The athletic and the lost each discover their limit at the moment of their realization. Gideon Haigh, discussing Shane Warne, writes: “While onlookers tended to resist the idea of Warne as an athlete because cricket involves only intermittent exertion, he achieved at peak energy the paradoxical state that is characteristic of one: immense physicality, seeming weightlessness.” Remembering Berlin, Walter Benjamin wrote: “Not to find one’s way in a city may well be uninteresting and banal. It requires ignorance — nothing more. But to lose oneself in a city — as one loses oneself in a forest — that calls for quite a different schooling.” You don’t get lost; you lose yourself, and in so doing, you achieve a presence more complete than the absent-minded scatteredness that characterizes your daily grind. Just as the athlete wrings surrender from a dedication to mastery, the lost confronts the city as a cross-hatching of the sumptuary and the sumptuous.
A similar paradox animates Andy Stott’s stitch house project, begun in earnest with last year’s marvelous Passed Me By but developed coterminously with Miles Whittaker (occasional co-conspirator and one half of Demdike Stare) and aimed at, in Robin Howells’ phrase, “dragging Techno through a hedge backwards.” Luxury Problems represents an apogee of scruffy elegance, curdled rhythms growling within the crumbling masonry of its bitworn shunt. Alison Skidmore’s vocals — they’re new, if you hadn’t noticed — dimly illuminate a pervasive auroral gloom, shafts of ecru and dun mottled with putrescent tinctures; a mournful, angelic presence — a long-deceased sacristan, perhaps — bleeding through the aether as faint drumsteps crack gravel. A nigh-ubiquitous presence, they only once fail to make an appearance: an unaccompanied mutant Amen takes flanged and filtered flight on “Up The Box,” a panned and throstled junglism buckling against the force of its own magnus effect. That Amen forms one of a few curious echoes of the 90s — the off-center slouch of the title track suggests Weatherall’s remix of “Soon,” bedraggled and recalibrated to the yo-yo cadence of Moodymann’s disco edits — prompting the reflection that the specter of baggy still haunts the canals and warehouses of the cottonopolis. Madchester, perhaps — if it were slightly, uneasily mad, and not just mad for it.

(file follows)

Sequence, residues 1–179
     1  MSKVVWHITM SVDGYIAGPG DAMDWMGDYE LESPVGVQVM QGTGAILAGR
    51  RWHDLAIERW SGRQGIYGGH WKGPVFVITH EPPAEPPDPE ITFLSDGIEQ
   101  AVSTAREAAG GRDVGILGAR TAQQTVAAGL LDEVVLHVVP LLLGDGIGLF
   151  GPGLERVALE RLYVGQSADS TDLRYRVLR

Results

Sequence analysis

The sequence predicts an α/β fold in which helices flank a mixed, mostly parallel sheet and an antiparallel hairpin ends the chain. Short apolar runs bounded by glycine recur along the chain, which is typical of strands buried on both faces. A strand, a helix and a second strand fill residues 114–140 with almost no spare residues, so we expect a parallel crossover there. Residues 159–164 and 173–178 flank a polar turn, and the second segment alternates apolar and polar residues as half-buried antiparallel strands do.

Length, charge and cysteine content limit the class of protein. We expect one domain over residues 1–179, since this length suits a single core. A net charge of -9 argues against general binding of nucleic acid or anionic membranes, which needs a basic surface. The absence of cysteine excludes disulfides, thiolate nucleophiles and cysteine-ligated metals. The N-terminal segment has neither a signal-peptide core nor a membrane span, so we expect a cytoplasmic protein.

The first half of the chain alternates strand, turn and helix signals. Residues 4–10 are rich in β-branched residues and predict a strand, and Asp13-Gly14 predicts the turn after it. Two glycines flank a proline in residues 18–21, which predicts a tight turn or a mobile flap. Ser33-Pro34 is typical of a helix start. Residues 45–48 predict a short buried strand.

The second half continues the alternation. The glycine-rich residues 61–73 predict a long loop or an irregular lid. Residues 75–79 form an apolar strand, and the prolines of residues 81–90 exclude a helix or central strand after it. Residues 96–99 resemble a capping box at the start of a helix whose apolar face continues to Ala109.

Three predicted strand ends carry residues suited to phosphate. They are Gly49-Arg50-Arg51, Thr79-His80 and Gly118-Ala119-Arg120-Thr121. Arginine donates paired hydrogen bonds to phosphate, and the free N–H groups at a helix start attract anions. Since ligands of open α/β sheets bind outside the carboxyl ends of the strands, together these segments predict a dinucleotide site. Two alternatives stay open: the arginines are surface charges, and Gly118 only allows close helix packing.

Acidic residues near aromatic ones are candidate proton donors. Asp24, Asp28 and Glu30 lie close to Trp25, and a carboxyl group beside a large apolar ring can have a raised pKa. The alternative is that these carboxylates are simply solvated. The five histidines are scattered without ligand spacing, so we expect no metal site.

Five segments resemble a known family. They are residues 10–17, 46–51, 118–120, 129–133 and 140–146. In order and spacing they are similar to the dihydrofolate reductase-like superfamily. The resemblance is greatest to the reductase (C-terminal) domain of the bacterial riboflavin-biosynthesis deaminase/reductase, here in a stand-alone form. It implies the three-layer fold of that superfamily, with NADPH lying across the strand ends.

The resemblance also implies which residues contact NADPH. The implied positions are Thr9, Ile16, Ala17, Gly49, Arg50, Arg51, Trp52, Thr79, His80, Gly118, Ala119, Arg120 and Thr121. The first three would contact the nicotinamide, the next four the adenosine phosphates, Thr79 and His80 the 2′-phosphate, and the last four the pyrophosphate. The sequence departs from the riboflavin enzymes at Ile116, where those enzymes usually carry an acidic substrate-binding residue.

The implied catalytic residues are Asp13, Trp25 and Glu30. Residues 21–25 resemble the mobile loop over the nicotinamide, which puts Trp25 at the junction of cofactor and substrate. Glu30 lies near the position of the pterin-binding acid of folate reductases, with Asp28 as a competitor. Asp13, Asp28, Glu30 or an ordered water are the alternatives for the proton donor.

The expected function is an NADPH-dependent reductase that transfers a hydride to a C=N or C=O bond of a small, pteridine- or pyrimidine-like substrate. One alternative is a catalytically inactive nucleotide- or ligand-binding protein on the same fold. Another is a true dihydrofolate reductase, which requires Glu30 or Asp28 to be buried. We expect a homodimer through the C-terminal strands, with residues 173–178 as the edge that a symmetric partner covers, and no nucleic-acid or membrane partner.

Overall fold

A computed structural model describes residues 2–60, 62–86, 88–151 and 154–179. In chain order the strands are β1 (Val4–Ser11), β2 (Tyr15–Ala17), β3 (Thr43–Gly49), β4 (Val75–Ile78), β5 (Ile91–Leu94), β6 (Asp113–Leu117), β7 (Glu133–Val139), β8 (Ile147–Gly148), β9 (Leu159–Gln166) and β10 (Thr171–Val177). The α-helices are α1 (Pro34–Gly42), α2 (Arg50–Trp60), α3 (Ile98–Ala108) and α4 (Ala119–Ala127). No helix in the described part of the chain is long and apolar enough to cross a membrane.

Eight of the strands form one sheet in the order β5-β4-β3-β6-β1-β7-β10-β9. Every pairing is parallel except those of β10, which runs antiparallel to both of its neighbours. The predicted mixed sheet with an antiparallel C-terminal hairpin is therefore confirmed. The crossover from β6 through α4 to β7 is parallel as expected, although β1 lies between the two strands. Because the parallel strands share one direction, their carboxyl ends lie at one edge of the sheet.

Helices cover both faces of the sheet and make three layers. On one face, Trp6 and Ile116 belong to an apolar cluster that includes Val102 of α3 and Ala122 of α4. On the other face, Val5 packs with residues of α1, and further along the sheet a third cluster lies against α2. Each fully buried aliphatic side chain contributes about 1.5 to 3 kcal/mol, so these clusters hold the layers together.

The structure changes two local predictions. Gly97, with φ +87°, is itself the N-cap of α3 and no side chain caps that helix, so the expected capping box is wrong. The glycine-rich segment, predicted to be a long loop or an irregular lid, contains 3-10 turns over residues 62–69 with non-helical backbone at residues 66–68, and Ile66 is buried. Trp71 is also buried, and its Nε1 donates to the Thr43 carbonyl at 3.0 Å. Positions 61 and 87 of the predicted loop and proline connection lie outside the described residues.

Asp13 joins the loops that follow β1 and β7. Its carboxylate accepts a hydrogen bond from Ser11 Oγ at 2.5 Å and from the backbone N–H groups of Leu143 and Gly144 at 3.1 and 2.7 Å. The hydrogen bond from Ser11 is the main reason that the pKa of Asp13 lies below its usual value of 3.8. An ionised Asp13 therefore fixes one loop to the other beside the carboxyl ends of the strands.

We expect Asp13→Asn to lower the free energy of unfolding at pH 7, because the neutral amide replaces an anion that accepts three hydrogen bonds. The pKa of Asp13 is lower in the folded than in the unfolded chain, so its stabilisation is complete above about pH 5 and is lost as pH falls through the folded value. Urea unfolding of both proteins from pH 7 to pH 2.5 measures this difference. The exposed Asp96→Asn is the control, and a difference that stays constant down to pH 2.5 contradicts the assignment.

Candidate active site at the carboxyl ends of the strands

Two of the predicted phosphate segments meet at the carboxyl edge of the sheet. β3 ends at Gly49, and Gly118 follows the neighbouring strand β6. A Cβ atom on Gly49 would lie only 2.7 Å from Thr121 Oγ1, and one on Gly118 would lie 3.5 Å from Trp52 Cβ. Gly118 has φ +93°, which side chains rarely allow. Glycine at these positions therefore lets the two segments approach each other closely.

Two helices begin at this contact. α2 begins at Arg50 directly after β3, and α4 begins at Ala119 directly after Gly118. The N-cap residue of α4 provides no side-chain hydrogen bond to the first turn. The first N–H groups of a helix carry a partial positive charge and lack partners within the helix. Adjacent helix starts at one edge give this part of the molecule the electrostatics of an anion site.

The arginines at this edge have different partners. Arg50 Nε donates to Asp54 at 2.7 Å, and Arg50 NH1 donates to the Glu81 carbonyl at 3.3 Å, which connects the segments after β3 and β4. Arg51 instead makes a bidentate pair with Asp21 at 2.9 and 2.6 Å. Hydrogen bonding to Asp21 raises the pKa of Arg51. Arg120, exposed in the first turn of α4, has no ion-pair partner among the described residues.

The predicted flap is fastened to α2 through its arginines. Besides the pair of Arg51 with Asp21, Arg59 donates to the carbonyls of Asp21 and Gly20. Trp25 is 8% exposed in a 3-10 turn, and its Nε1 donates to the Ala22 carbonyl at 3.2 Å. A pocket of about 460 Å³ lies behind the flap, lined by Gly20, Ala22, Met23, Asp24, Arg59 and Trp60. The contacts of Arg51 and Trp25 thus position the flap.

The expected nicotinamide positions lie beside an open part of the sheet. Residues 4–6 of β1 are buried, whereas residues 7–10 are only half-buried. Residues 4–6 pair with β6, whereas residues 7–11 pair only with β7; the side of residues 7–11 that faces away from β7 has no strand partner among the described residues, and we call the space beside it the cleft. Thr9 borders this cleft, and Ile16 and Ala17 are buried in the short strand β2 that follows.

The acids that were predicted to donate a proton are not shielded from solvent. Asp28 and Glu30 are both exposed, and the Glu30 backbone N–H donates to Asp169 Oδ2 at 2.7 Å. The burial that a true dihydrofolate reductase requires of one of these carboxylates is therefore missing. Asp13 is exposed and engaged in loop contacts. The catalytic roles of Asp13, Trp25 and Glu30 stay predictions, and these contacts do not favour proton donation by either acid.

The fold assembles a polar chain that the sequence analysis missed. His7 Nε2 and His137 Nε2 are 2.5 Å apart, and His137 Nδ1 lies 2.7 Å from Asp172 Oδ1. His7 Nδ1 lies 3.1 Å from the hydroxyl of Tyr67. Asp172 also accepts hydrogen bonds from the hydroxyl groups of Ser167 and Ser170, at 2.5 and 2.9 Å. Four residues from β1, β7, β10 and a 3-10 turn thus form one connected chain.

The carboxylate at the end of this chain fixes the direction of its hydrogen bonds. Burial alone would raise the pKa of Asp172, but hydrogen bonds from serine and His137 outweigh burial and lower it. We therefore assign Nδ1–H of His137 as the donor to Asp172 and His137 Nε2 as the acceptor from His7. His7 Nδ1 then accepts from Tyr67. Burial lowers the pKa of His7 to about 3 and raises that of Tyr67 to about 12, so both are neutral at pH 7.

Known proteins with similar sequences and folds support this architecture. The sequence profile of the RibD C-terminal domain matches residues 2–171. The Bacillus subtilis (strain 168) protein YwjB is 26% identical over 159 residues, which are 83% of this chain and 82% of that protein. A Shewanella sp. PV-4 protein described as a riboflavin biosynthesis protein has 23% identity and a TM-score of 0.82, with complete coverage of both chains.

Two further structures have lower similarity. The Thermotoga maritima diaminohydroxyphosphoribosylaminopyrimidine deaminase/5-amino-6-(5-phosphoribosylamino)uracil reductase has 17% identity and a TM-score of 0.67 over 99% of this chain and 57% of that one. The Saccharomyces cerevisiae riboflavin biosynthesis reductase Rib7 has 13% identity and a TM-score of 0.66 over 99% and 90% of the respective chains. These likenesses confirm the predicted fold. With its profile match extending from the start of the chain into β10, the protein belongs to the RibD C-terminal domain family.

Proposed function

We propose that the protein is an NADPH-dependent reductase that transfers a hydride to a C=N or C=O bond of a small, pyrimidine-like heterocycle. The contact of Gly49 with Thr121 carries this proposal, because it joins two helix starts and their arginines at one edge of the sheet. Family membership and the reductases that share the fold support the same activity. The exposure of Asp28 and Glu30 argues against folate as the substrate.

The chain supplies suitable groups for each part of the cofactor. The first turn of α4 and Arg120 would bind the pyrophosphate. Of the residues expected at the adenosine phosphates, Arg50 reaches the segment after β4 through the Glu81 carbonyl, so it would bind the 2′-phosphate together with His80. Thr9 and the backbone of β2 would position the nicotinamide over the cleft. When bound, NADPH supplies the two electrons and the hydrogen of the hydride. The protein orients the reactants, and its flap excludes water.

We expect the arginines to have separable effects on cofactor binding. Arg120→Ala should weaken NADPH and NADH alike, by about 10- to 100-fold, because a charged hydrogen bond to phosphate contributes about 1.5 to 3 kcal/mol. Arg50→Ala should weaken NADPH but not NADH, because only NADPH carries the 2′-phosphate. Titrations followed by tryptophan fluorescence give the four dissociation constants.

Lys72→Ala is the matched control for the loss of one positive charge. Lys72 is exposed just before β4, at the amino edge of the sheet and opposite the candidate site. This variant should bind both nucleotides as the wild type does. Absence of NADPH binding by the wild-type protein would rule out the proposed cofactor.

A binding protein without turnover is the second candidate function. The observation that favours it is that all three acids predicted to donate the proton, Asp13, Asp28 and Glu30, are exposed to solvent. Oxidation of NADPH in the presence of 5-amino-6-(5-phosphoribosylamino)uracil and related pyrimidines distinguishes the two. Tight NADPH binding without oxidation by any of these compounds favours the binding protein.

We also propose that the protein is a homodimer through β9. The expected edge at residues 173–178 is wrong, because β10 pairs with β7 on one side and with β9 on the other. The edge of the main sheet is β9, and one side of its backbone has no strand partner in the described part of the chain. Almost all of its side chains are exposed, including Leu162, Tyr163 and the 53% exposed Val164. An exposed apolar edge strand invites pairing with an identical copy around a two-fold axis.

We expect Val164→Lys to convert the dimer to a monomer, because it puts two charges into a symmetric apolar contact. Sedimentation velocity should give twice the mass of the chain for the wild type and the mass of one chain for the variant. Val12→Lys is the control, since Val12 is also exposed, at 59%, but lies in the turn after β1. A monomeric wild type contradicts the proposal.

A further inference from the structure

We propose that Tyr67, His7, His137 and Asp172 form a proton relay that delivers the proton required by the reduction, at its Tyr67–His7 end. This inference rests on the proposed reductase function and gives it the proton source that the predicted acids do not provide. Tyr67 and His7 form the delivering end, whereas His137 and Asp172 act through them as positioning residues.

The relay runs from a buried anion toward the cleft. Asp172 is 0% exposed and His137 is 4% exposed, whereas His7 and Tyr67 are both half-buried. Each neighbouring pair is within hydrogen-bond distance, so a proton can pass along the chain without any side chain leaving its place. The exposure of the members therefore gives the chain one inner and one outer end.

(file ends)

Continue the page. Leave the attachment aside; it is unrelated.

In an interview from last year, Blackest Ever Black founder Kiran Sande complained: “Nobody grills a house or dubstep producer on what their music is actually about, because we know from the outset it’s not about anything, and nor do we expect it to be. But after a while you begin to crave content, don’t you?” For Sande, content equals dread: “Goth, industrial, the hard-edged experimental fringe of post-punk: it’s hard not to be continually amazed at the cavernous drum sounds, strafing synths and insane reverbs to be found on those sorts of records.” The problem here is that, despite Sande’s protestations, content has already been equated with form. Luxury Problems takes the aesthetic-neurosis of black-for-black’s-sake to its limit only in order to return to that “cosy, ordered” form that Sande seeks to avoid. For all of its seductive brilliance, for all of its blurred allusions and semantic teases, this is an album completely lacking that existential impetus that, for Sande, remains “the aim, the ambition… the only one that really matters.” A memorable, impermanent joy, it restores, rather than disturbs, the equilibrium — a feat of engineering in the service of artistry.